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A new process for recycling steelplant wastes



The OxiCup process, based on a modified cupola furnace, converts iron-rich waste from steelworks, mixed with carbon, into hot metal.

Christian Bartels-von Varnbueler Küttner GmbH & Co, KG
Today, about 20-25 kg of fine iron oxide-rich dust per tonne of raw steel arises in the off-gas cleaning systems of integrated steelworks in Germany.
Figure 1. The OxiCup process
Because of their zinc, lead and alkaline content these materials cannot be recycled back into the production process and have to be recycled externally or dumped - at some expense.

Limited landfill capacities, rising costs, tighter laws and governmental regulations, and the public environmental discussion, make it increasingly difficult to continue the current practice. Therefore, a new technology had to be developed to recycle these residuals back into the production process and prevent dumping, for environmental and cost reasons.

The resultant technology, named OxiCup, is based on a modified cupola furnace which turns cold-bonded carbon-containing agglomerates into hot metal. The main advantages of this process for a steel mill are:
  • The process is very similar to a blast furnace, hence minimal operator training is necessary
  • It supplements BF-grade hot metal for the steel mill and achieves higher utilisation of iron units
  • Zinc-enriched sludge can be sold for further recovery
  • All kinds of metallic revert metals, like skulls, desulphurisation metals and metals from slag processing can also be treated

Development of the process

The process consists of the physical combination of fine grained waste oxides with a coke breeze reducing agent into bricks (called C-bricks) which are charged to a shaft furnace, together with other iron-bearing by-products, coke and fluxes (see Figure 1). While the charge is descending in the furnace the material is heated, and at about 1,000°C the coke breeze inside the bricks is converted to CO-gas which directly reduces the iron oxide grains.

The high temperature and the high surface area of the fine waste material make the reaction rate very fast.
Figure 2. The Thyssen OxiCup plant schematic
In laboratory tests the samples were reduced and metallised within a few minutes, whereas in the shaft furnace the material spends about 20 minutes in the required temperature range between 1,000°C and 1,400°C. The brick turns to direct reduced iron (DRI), which further descends to the melting zone of the furnace where it melts together with other metallic by-products.

Carburisation of the hot metal takes place predominantly in the hearth of the cupola. Hot metal and slag are tapped continuously and are passed through an iron and slag separator; then the hot metal is sent for further treatment, and the slag is sent to a slag granulation system. The zinc content of the residues is volatilised and leaves the furnace with the top gas, and as strongly enriched shaft furnace dust.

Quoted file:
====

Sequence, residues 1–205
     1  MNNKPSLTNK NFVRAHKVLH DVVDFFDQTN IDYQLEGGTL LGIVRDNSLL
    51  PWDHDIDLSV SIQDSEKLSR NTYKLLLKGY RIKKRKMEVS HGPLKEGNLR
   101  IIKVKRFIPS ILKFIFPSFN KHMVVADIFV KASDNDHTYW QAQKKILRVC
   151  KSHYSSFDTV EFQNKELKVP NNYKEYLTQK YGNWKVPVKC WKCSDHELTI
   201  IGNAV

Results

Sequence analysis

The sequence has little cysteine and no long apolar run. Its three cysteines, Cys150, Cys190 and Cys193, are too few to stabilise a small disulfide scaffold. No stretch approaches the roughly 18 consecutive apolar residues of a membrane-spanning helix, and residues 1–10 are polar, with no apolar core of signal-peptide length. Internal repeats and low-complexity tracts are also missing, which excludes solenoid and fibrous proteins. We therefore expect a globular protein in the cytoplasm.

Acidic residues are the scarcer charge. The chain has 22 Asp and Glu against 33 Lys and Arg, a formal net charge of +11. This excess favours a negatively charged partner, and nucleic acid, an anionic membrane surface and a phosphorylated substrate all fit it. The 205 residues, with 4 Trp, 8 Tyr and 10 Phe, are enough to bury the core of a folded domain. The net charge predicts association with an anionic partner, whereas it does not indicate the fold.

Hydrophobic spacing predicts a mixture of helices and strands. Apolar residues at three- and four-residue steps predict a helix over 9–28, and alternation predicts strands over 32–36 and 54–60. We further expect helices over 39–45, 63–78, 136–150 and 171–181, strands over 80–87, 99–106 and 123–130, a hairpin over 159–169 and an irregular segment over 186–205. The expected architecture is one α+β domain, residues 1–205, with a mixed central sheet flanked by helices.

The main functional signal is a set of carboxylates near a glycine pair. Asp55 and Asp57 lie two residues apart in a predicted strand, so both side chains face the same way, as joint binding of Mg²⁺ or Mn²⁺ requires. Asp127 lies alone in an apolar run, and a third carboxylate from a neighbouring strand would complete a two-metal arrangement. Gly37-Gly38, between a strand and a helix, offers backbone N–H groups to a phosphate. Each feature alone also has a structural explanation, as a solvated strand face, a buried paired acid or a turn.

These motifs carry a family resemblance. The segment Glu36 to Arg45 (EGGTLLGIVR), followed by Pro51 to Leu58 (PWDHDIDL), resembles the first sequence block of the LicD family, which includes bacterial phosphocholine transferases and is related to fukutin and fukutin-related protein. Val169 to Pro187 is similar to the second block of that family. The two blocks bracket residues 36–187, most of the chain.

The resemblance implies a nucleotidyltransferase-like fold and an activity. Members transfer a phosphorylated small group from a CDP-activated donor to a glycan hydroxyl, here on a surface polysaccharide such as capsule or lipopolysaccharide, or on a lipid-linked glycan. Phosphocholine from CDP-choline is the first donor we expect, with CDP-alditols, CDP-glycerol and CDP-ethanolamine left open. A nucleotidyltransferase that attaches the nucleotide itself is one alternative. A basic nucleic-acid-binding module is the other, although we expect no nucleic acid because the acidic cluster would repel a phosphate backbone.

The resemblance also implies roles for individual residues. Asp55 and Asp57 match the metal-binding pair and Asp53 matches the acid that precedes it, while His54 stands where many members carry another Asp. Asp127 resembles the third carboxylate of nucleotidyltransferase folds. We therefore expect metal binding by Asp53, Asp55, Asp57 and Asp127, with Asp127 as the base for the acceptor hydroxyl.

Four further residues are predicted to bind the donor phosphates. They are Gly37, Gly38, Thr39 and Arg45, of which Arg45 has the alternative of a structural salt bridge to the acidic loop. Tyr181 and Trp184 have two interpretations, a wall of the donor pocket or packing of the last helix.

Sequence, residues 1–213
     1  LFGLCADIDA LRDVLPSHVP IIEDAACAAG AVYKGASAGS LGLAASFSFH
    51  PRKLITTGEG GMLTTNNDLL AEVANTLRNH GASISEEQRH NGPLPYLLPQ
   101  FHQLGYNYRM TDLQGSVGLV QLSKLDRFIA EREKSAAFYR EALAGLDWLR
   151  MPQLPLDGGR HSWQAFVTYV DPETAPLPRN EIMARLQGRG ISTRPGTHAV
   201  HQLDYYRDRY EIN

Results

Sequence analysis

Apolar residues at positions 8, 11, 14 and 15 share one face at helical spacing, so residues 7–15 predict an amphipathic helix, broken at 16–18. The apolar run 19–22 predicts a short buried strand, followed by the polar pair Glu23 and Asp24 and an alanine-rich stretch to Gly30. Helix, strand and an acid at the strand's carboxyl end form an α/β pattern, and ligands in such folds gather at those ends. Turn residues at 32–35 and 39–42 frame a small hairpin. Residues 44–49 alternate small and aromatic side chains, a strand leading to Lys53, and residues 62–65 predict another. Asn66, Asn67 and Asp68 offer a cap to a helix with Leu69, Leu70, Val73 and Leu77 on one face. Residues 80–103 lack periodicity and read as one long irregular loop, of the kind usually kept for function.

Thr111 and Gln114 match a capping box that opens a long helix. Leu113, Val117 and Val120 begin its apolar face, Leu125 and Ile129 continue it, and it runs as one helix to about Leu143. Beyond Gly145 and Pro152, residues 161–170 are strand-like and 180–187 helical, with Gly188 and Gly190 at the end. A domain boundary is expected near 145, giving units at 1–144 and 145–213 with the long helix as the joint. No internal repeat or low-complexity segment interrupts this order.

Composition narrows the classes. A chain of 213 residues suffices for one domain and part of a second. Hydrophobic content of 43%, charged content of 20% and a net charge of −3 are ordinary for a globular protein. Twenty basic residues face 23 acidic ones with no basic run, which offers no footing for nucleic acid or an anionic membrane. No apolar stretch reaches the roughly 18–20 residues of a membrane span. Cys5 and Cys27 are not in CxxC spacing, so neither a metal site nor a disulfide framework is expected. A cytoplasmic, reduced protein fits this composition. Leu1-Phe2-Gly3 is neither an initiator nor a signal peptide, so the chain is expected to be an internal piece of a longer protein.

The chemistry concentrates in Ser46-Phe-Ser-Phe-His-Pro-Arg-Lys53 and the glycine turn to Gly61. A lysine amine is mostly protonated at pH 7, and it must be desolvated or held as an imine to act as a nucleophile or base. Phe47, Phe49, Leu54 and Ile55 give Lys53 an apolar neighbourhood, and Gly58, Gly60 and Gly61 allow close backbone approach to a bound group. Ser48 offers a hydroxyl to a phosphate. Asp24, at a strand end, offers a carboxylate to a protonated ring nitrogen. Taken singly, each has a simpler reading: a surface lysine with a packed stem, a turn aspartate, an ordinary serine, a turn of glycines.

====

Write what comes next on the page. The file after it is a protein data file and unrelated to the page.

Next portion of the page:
After extensive laboratory testing the first industrial trial was made in a foundry cupola. The 10 t/h furnace was operated for more than 10 hours with up to 30 per cent of C-bricks. There were no major changes in the composition of hot metal and the production rate decreased, as expected, to 8.5 t/h. There was a slight increase of iron oxide in the slag from 1 per cent to 2.5 per cent, which equates to 1 kg Fe/t HM. The CO content in the top gas increased and there was also a rise in dust due to the relatively low strength of the bricks.

The main conclusion of the trial was that the Fe-oxides were reduced and converted to hot metal.

Thyssen Hamborn shaft furnace

To prove the process over longer periods of time, ThyssenKrupp Stahl, together with Mannesmann, Küttner, B.U.S and Messer Griesheim, decided to build a pilot shaft furnace in Duisburg as a feasibility demonstration plant for a hot metal production of 15 t/h at a cost of DM 15 million (€7.7 million). Peripheral equipment such as a recuperator and a wet disintegrator-gas-cleaning-system, were bought used from a foundry nearby in order to minimise costs.

The furnace itself was built in the supporting steel structure of former blast furnace No.3 in Hamborn. Figure 2 shows a schematic of the plant. The inner diameter of the hearth is 2.4 m and of the shaft 2.6 m.

A total of 17,000 m³/h of cold blast is heated in a recuperator up to 520°C and the furnace
Figure 3. Brick and vibrating press
is equipped with six cast copper tuyeres and a system to inject oxygen via supersonic lances. The advantage of this technology, compared to oxygen-enrichment to the blast, is more effective penetration, which is very important for low coke and refractory consumption rates. The top gas leaves the furnace at about 300°C via a gas off-take to the disintegrator gas cleaning system. The furnace-shaft itself is more than 5 m longer and the charge material in this part of the shaft seals the process against the atmosphere. The top gas is cooled, washed and then burned, either in the recuperator for heating up the cold blast, or in a torch, because for this stage of the project there was no connection to the gas mains of the steel mill.

The furnace is lined with cast refractory material and operates as a typical wet bottom cupola. Iron and slag flows continuously through the taphole. Slag and iron are separated in a conventional front spout and the process retains the normal cupola flexibility. It is possible to shut down the furnace in one minute.